- Water in the pond also should be replaced once in every 10 days to keep the Azolla fresh.
- If any symptoms of pest or disease are noticed, then the soil bed along with Azolla culture has to be replaced with new culture and soil immediately.
- Azolla is raised in plots of 50-100 sqm with strong bunds.
- Soil should be compacted to avoid percolation of water or the sides and bottom of the plot can be plastered with a mixture of fine clay and cow dung to control percolation.
- Small nursery beds are considered more suitable than large plots because there is less drifting of Azolla by wind in small plots.
- One hectare of land may require 4-8 kgs of superphosphate.
- Once the plots are prepared, water is filled into it and nutrients added in the required quantities, then Azolla inoculum is introduced into it after 2-3 days.
- Azolla can multiply from any broken part of the plant. It is estimated that 1 sqm of an area may require 300-400 g of fresh Azolla mother culture.
- Harvested rainwater is filled in the pond for Azolla Farming in the rainy season; this ensures excellent and faster growth.
Harvesting of Azolla
Azolla can grow completely within 2-3 weeks time and after its full growth, it can be harvested daily. The biomass is collected into plastic sieves. Presence of any litter should be immediately removed from the area. The average yield of Azolla is 1 kg per day from an area of dimensions 6 x 4 ft. Excess production can be dried under shade and stored for future use. It can be used as a livestock feed either in fresh or dry form. After harvesting it has to be washed thoroughly with water to remove the smell of cow dung. The water used for cleaning can be reused in the pond for Farming.
Azolla Farming Project Report / Cost and profit analysis
The estimation for two small fodder plots has been described here. The no. of cultivating units can be increased or decreased depending on the need. If it is used for animal food, then the quantity sufficient for the cattle can be produced else if it is for commercial purpose then a minimum quantity is produced. The materials required and their price is listed here, but these may vary depending on the location and availability of materials.
Assumptions in Azolla Farming Project Report:
Cost of 1 kg of fresh Azolla: Rs 100.
The rate of labour per manday: Rs 250.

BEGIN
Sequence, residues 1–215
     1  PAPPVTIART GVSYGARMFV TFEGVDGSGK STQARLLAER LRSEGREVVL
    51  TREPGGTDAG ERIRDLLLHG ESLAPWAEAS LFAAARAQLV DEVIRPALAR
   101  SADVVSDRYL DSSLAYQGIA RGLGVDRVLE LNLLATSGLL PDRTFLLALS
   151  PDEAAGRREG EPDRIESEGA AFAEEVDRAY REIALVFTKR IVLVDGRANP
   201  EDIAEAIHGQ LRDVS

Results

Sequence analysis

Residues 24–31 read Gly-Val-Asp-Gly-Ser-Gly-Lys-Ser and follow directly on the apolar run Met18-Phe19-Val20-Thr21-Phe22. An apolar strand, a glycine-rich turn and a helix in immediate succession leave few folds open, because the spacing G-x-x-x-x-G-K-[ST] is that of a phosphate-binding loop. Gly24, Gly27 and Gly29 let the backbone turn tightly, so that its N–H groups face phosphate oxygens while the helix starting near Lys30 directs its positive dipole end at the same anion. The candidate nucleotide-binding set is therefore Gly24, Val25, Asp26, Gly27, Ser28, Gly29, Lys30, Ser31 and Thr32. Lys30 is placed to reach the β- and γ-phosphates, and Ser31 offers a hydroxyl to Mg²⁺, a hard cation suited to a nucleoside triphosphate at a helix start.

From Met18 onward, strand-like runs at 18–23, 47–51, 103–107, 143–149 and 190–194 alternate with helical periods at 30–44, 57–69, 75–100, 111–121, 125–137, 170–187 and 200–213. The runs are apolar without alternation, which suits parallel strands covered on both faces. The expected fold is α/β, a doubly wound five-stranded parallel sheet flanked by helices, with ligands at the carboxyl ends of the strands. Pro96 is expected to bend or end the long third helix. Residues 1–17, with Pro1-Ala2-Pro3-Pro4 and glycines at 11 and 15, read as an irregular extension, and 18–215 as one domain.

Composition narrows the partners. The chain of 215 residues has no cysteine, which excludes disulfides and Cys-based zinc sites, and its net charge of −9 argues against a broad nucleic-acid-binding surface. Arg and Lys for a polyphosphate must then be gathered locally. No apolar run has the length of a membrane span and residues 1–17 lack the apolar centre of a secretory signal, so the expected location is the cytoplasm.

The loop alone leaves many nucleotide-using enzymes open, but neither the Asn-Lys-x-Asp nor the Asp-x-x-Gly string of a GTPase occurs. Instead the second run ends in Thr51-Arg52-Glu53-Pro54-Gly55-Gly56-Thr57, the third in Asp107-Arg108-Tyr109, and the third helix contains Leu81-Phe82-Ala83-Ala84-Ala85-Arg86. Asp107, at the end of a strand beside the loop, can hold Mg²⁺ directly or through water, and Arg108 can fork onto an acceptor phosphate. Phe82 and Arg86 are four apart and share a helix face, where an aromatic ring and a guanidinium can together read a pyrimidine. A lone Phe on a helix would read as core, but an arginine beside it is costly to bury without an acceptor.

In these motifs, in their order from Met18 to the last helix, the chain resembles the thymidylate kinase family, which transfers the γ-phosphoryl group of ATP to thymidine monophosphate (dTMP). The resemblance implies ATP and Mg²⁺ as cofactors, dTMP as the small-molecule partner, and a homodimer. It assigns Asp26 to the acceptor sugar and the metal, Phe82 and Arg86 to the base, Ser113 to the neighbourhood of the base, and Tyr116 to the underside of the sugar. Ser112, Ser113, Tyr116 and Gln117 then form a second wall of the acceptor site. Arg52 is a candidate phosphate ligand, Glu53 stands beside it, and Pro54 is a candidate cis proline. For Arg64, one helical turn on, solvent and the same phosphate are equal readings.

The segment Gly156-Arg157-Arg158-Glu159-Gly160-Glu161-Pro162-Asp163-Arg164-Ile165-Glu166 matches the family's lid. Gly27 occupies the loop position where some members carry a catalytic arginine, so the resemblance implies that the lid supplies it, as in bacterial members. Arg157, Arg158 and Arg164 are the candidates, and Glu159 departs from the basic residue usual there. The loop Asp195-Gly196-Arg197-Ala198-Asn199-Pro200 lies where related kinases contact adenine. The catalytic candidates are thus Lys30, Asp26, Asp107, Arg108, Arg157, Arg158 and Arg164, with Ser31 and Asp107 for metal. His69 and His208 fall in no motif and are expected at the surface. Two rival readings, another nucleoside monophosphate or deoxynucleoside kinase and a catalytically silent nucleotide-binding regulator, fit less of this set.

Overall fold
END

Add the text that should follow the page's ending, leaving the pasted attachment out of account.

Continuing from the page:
Cost of silpauline tarpaulin sheet: Rs 400.
Cost of 1 kg of fertile soil: Rs 150.
Cost of 1 kg of superphosphate: Rs 80.
Cost of 1 kg of cow dung: Rs 15.
Cost of a poly net: Rs 35/sq m.
|Material required||Investment in Rs|
|Cost of making two trenches of dimensions (2.25 x 1.5 x 0.2 m) @ 250 for 2 mandays||500.00|
|2 Silpauline tarpaulin sheets||800.00|
|Fertile soil @ 15 kg per trench||4,500.00|
|Cow dung @ 5 kg per trench||150.00|
|Super phosphate fertilizer @ 10 kg||800.00|
|Fresh Azolla culture @ 2 kg||200.00|
|Shade or poly net||1000.00|
|Wooden sticks or bamboo||2000.00|
Sale price of Azolla leaves per kg: Rs 300.
After 20 days Azolla is harvested @ 1.5 kg/day.
So the monthly income from harvesting Azolla is estimated to be: Rs 13,500.
The profit from the farm is around: Rs 6,150.
The values can be taken as a reference only because there may be a slight deviation in the original set up cost. The cost of the land, transport, electricity, etc. have not been included in this estimation, but have to be considered while implementing the structure.
NABARD provides some sort of assistance for Azolla Farming and it was known to have encouraged Azolla fodder plots in various watersheds under the watershed development fund. People who need assistance may contact or visit the nearest NABARD office for exact information.
Azolla Farming is helping women improve their socioeconomic status. Rural women are being trained in Azolla Farming methods by the ICAR-Krishi Vigyan Kendra so that they can start the business on their own.
Azolla culture can be obtained from trusted nurseries, agricultural departments or research organizations.
Uses of Azolla
- Azolla finds use in the agriculture sector as green manure for rice Farming; sometimes it is also used in wheat, maize, and broad beans Farming areas. It is observed that production increases by 20%.
- Dry Azolla is used as livestock feed because of its high nutritional content and low lignin content. Feeding poultry birds with Azolla improve their weight and egg production capacity. It can be fed to cows, sheep, goat, pig, rabbit, and fish.
- Azolla grows as a thick layer on the water surface, so when grown in rice or paddy fields it controls the weeds and acts as natural organic mulch in the area of Farming. It also retains the soil moisture level by slowing down the water evaporation rate.
- As one of the common names indicates ‘mosquito fern’ is because of its ability to control the breeding of mosquitoes in a particular area.
Read: Spirulina Farming.
Tips for maintaining the Azolla farm
- Azolla grows fast, so it is recommended to harvest daily.
- Adding fertilizer, manure and micronutrients once every week enhances its growth.
- Replacing at least 30% water from the pond with fresh water can help balance nitrogen levels.
- Once in every 6 months, the entire pond has to be cleaned and filled with fresh materials.
- Introducing the Azolla culture after 2 or 3 days of pond creation is advisable so that the fertilizers, manure and other nutrients settle to the bottom allowing the ferns to float free.
- Rubbing Azolla with hands to break it into smaller pieces and then introducing it into the pond is found to help in greater multiplication rate.